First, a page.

** 1/2 stars out of ****

Chef - Watching Jon Favreau's culinary comedic tale, you can't help that the film is really a metaphor for his adventures in Hollywood. He plays Carl Casper, a popular chef in the L.A. restaurant scene who feels trapped by his success and an owner (Dustin Hoffman) who wants him to keep producing the same food that made him a hit. The parallels between his character and Favreau himself feeling trapped by the Suits in Hollywood are almost un-missable, especially his less-than stellar outings with Iron-Man 2 and Cowboys and Aliens. His blow-up over food critic/blogger Ramsay (Oliver Platt) makes waves with social media, but gets him canned from his own restaurant. His ex-wife, Inez (Sofia Veargra) suggests he take his estranged son (Emjay Anthony) and do a food truck venue with his pal (a vibrant John Leguazamo) in order to rekindle his culinary passions, and spend time with his son. What happens after the 30 minute mark is a blast of vibrant, comedic and culinary life, as cuisine and culture from South Beach, the Big Easy and Austin come flying rapidly; the humor, even faster. You get a blast from watching something that doesn't have to do with giant robots beating the crap out of each other, or even from super heroes swinging, flying, shooting and smashing things every other minute, and you'd wish the film was longer than it's 114 minute run-time. Favreau is at his best, both creatively and performance-wise as an artist getting in touch with his roots. You watch his scenes making Cubanos or just fiddling around in the kitchen and you can feel his passion for what he does. That's movie magic that computer-generated effects can never capture.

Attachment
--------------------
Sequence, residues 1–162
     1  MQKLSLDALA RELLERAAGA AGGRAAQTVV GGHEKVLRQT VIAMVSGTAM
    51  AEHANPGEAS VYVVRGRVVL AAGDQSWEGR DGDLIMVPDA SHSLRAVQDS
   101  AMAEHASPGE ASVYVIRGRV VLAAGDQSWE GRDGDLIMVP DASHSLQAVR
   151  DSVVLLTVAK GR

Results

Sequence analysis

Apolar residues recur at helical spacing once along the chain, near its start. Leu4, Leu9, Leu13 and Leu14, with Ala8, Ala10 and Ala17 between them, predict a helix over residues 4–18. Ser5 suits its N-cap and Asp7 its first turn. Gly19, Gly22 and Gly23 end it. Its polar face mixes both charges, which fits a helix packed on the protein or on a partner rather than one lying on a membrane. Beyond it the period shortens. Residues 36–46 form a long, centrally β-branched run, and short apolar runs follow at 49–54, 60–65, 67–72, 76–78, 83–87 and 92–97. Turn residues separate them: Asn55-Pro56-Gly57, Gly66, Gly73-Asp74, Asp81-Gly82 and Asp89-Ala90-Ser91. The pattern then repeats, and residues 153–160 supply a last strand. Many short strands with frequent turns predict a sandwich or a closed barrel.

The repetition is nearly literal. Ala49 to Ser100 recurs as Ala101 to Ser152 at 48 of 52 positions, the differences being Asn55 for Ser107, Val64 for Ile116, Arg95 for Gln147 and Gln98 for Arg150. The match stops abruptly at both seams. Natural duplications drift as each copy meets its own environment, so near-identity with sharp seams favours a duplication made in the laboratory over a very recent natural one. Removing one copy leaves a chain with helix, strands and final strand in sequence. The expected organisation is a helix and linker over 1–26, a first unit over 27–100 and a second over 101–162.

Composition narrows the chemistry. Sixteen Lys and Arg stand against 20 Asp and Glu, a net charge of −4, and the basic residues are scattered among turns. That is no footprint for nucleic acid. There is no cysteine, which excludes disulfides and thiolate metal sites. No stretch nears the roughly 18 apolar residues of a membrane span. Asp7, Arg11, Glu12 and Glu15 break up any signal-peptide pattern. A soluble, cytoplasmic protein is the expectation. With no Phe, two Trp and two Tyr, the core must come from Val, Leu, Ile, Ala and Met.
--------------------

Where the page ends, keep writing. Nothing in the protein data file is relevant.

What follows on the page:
*** 1/2 stars out of ****

Ida - The best thing I can say about this art-house drama is that it's beautifully captured in black and white by Polish director/co-writer Pawel Pawlikowoski and that the last act of the film, where the titular Ida (a wonderful Agata Trzebuchowska) makes her choice about whether to take her vows and become a Nun is quietly heartbreaking. Past that, Ida is deathly dull to watch. Before taking her vows, Anna must meet her family, which as it turns out, is only her Communist aunt (Agata Kulesza). She also learns that her real name is Ida, and wants to learn what happened to her parents, so the pair set off on a personal journey to discover the truth. That's all I can say, mostly because of spoilers, and partly because this is where I honestly dozed off. It's meant to be a slow burn, but there's no urgency to the pair's journey, and the pacing becomes non-existent because of it. Ida has a run-time of 80 minutes, and yet it felt like I was in there longer. If you have insomnia, Ida is a sure-fire way to put you to sleep.
* 1/2 stars out of  ****